Sunday, May 21, 2017

Bird Skeleton



Bronwyn Lloyd: Voodoo Bird (23/4/17)


A couple of weeks ago Bronwyn found this little chap nestled on the doorstep of her studio (which used to be my father's surgery), beside the house.




But who left it there? Was it a cat? The lawnmower man? Someone laying a hex?




Certainly it seems to be missing a head. It did remind me a bit of an old poem of mine, from my first book City of Strange Brunettes (1998):




First Love

We built a man of slates, and after years,
revisited, the rock had grown a face.

(... The lake dissects bird-craniums;
tree-roots wrestle midden-stones for space.)

We counted on the winter to preserve us.
Spring runoff leaves no craquelure to trace.



Jack Ross: City of Strange Brunettes (1998)





Saturday, May 06, 2017

Palabras Prestadas / Given Words



Darrell Ward: R.I.P.


Ever since Ice Road Truckers star Darrell Ward died in a planecrash at the early age of 52 - the first casualty among their core cast of daredevils - it's been a bit difficult to keep up our enthusiasm for the TV reality series.

This morning, however, I received the exciting news that expatriate Kiwi poet Charles Olsen had completed his translation of my poem "Ice Road Trucker" into Spanish, and posted it on his "Palabras Prestadas" website.



I have to say that I'm quite thrilled to see my words transformed into another language (especially one I can read) - just as I was when Dieter Riemenschneider included a couple of my poems in his 2010 bilingual German-English anthology Wildes Licht: Gedichte aus Aotearoa Neuseeland [Wild Light: Poems from Aotearoa New Zealand].

So far as I can judge, Charles has done a bang-up job. I do wonder, though, if I can repurpose his work here as some kind of witness to the immense pleasure I've got out of watching this series over the years? In particular, as a tribute to Darrell Ward himself, who strikes me as the most man of anyone I've ever seen.

That time when he managed to drag another truck out of the ditch single-handedly, by driving them both at the same time (I know that doesn't sound physically possible, but he did somehow accomplish it) had to be seen to be believed.

Anyway, here's the poem, in translation (you can read the original English version here, if you like). And what better date to have it appear online than the Cinco de Mayo?



Jack Ross ha publicado varios libros de poesía, entre ellos City of Strange Brunettes (1998), Chantal's Book (2002), To Terezín (2007), Celanie (2012) y A Clearer View of the Hinterland (2014), además de cuatro novelas y dos libros de relatos cortos. Es director y editor de la revista Poetry NZ, y ha editado diversas revistas literarias y antologías. Tiene un doctorado en Inglés y Literatura Comparativa de la Universidad de Edimburgo y actualmente es Catedrático en Escritura Creativa en Massey University.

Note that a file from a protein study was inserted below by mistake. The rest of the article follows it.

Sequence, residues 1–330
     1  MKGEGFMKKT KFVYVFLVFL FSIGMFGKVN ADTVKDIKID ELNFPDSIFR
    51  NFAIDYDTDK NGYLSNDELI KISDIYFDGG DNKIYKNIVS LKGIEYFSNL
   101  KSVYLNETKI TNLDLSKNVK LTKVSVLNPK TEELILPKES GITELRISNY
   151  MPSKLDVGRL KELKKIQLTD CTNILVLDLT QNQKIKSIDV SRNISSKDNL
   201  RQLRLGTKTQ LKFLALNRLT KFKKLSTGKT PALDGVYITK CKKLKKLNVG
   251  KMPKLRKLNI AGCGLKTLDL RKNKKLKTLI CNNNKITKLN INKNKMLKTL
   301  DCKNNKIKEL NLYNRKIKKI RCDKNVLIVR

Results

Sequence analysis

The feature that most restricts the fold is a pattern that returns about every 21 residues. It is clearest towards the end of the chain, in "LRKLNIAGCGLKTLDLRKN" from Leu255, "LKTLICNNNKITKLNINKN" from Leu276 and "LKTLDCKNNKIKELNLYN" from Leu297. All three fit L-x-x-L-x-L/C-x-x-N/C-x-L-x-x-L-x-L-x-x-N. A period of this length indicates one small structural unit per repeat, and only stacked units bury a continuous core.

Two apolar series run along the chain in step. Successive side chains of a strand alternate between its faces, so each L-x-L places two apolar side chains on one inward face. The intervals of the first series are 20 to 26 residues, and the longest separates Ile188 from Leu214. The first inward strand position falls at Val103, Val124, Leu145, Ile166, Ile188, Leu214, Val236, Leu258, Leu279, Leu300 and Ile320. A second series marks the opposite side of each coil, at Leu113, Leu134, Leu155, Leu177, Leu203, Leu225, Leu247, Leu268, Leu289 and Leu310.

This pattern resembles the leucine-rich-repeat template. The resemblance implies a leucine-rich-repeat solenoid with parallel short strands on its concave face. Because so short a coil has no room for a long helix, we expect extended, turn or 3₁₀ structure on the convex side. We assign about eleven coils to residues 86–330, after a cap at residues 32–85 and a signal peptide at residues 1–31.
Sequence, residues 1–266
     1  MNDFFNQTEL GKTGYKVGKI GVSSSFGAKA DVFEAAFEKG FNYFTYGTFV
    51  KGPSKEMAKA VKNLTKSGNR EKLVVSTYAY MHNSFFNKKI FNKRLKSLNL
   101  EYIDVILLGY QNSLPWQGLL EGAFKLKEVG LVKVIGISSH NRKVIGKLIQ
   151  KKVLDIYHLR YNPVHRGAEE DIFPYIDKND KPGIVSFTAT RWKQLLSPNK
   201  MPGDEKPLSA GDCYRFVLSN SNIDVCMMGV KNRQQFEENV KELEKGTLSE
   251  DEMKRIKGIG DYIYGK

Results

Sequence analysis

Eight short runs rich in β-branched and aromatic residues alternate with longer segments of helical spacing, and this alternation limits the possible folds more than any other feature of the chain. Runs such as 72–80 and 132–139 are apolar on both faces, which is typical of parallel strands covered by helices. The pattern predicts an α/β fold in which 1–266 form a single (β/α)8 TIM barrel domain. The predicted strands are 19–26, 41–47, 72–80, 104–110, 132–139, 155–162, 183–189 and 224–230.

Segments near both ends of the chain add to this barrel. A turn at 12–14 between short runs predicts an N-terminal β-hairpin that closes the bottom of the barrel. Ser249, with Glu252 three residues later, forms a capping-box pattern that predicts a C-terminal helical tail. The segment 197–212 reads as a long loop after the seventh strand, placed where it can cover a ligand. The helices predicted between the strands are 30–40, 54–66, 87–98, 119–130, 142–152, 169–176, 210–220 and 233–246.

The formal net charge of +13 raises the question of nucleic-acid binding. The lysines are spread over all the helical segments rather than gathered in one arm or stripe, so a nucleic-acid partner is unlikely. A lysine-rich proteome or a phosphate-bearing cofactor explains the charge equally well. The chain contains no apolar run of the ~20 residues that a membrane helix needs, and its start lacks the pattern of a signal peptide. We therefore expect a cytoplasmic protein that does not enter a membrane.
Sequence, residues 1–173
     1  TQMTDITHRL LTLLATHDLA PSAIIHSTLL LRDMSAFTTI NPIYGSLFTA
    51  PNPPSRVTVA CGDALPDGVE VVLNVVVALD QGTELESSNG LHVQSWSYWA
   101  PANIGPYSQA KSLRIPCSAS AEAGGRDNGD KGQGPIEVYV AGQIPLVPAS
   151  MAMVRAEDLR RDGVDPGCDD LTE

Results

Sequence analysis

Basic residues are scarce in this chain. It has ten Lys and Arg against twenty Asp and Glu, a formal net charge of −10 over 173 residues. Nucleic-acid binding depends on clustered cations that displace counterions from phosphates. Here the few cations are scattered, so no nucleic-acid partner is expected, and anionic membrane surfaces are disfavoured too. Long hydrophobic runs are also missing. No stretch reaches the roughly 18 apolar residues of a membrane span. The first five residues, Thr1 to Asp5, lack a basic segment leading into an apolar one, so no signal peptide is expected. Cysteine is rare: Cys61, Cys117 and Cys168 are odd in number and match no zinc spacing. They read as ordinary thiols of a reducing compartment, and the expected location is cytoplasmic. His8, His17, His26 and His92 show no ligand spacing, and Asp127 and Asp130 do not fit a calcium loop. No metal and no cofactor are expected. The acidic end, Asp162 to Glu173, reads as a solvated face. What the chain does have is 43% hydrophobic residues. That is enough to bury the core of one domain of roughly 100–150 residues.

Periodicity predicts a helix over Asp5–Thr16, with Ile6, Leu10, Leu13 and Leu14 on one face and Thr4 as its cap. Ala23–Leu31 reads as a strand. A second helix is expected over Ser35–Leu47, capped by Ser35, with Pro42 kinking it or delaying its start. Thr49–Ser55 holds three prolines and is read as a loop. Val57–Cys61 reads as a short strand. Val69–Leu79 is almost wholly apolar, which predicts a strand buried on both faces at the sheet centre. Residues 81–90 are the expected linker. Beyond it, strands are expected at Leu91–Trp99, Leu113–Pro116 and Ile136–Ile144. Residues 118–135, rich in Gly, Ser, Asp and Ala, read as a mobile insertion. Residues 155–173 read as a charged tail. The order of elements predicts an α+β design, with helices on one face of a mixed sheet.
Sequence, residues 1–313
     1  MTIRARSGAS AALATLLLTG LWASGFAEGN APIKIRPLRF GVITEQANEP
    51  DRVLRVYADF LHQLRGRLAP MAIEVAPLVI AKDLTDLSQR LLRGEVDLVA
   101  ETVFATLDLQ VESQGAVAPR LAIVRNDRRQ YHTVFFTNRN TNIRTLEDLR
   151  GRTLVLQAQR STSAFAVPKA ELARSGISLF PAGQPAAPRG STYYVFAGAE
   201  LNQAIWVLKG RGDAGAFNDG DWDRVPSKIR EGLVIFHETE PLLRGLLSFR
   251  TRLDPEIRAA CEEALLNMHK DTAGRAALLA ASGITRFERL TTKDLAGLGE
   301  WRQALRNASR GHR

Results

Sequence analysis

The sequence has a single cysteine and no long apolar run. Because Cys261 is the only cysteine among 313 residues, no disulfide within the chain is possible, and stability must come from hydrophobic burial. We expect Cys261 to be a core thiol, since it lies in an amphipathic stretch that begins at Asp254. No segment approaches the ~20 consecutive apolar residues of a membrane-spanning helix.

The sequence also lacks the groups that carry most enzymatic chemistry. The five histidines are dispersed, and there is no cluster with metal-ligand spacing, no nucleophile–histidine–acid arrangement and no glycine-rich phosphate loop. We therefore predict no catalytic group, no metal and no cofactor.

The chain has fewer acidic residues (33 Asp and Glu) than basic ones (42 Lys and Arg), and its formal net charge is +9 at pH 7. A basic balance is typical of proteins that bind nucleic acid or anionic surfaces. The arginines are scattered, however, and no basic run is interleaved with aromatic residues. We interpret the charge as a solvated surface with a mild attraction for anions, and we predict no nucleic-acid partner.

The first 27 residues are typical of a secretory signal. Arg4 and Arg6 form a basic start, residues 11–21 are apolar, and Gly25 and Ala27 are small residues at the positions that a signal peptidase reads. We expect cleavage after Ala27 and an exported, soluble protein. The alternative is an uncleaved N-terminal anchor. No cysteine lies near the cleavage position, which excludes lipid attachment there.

mairangibay.blogspot.co.nz
New Zealand Book Council – Jack Ross




Camionero sobre hielo


El motor se detuvo
a medio bajada por la rampa de salida

justo cuando cambió el semáforo a verde
para con cuidado en el arcén

y enciende
la luces de emergencia


decía Bronwyn
fuimos a buscar ayuda

me dejó en la estación de servicio
cuando llegué al coche

había un policía
un autobús había golpeado un vehículo utilitario

calle abajo
Necesitaba esto como un tiro en la cabeza

decía
el de la grúa era un viejo fibroso

que levantó el coche
sin esfuerzo

mientras dábamos saltos
en la cabina de su camión

pensé
ya sé qué se siente

al conducir un gran camión
sobre los campos de hielo


mi álter ego
radio frequencia en mano

abierta la botella de Jim Beam
entre las piernas

el horizonte gris de peltre


(Traducción del poema Ice Road Trucker de Jack Ross – traducido por Charles Olsen)



Battle of Puebla (5 May 1862)


Sunday, April 23, 2017

1913: Apollinaire



Pablo Picasso: Potrait of Guillaume Apollinaire (1913)


on 7 September 1911, Guillaume Apollinaire was arrested and imprisoned as a possible accomplice in the theft of the Mona Lisa, as well as some Egyptian statues, from the Louvre in Paris. He was released after a week, but only after implicating Pablo Picasso (also called in for questioning, but not arrested). The statues, later recovered, had actually been stolen by the poet's former secretary, Honoré Joseph Géry Pieret.

As for the Mona Lisa itself, the actual thief, Vincenzo Peruggia, was not arrested till 1913, when he tried to sell the stolen painting in Florence. He had expected to be rewarded for his patriotism in returning 'La Gioconda' to Italy, but in fact the director of the Uffizi, to whom he entrusted it for 'safekeeping,' had him arrested for theft. The painting was returned to France at the beginning of 1914.